I wish to start by thanking NHS staff. I agree with the Secretary of State that they should be recognised for all their work, so I ask him to consider giving them the 1% pay rise that has been recommended by an independent body. That would be a real way of recognising all their hard work.
I wish to talk about the Royal Bolton hospital in my constituency; it is the third largest accident and emergency department in the north-west. Last year, it saw 114,510 people. A and E admissions numbered 26,267 and in 2013-14, elective operations stood at 14,865 and non-elective at 1,407. The staff—porters, cleaners, care assistants and clinical staff—do an excellent job in a very difficult situation. My hospital needs more resources.
As I attend regular meetings with the chief executive officer and the chair of the Royal Bolton hospital, I also often visit the A and E department to see the situation at first hand. Recently, the hospital declared a major incident when it could not take in 76 patients. By cancelling non-emergency elective operations, it managed to free 40 beds. However, as a consequence of cancelling those operations, it lost £600,000.
As the hospital will now no longer be able to meet the target of the clinical commissioning group, it will end up getting penalised as well. To meet that target, the hospital may have to resort to using private companies, which may cost it even more. Whichever way we look at it, the hospital stands to lose quite a lot of money. Over the past two years, it has had to make £40 million of cost savings, and it will have to carry on cutting in light of the demands that it is facing.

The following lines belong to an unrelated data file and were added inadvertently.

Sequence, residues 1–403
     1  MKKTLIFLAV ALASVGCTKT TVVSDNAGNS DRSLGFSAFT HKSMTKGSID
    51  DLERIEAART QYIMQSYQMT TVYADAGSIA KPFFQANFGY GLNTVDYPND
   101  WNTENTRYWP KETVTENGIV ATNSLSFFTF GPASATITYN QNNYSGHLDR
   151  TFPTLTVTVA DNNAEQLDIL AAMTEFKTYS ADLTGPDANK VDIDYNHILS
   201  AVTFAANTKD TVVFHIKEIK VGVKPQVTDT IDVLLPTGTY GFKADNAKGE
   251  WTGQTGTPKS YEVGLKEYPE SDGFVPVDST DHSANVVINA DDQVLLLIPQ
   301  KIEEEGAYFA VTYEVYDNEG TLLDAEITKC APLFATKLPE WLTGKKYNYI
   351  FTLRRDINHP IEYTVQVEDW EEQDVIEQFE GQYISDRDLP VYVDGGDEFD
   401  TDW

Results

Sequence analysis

The main reason for the long waits in A and E was that many people could not get GP appointments or go to walk-in centres, so they had to go to A and E as a first port of call rather than as a last one. Secondly, many elderly and frail people could not be discharged, which then led to bed blocking. There were 94,046 acute delayed days last November, which then created even bigger blockages. The hospital is caught bang in the middle of the problem—there are problems at the start, before people go to hospital, and there are problems at the end, because people are not being transferred or discharged. That situation must change. One reason for the delays in transfers and discharges is the cut in the budget for social services and adult care. More than 300,000 people no longer receive state funding for social care.
In 2009-2010, the Labour Government spent 8.2% of GDP on the NHS, whereas in 2013-14, the figure was 7.9%. It is quite clear, therefore, that less money is going into the sector. It has been recognised in this Chamber that, with more people living longer and with growing health needs, that money has to go up. To say that nothing further can be done with regards to putting more finance into hospitals is completely wrong.
In Bolton, the local authority, the hospital and the clinical commissioning group are trying to work together. When I recently visited my local A and E, 17 cubicles were in full use and two people were on trolleys. The situation is not good enough, because Bolton is an incredibly large area, serving about 300,000 people. People from Wigan and other surrounding areas also use the hospital.
Another problem is the shortage of GPs and the fact that walk-in centres have been closed down. We know that we need at least another 400 GPs and more walk-in centres. If we had an increase in those areas, the problem would not be so acute. Finally, not enough nurses are being trained, which will lead to a big shortage. That is another tsunami waiting to happen.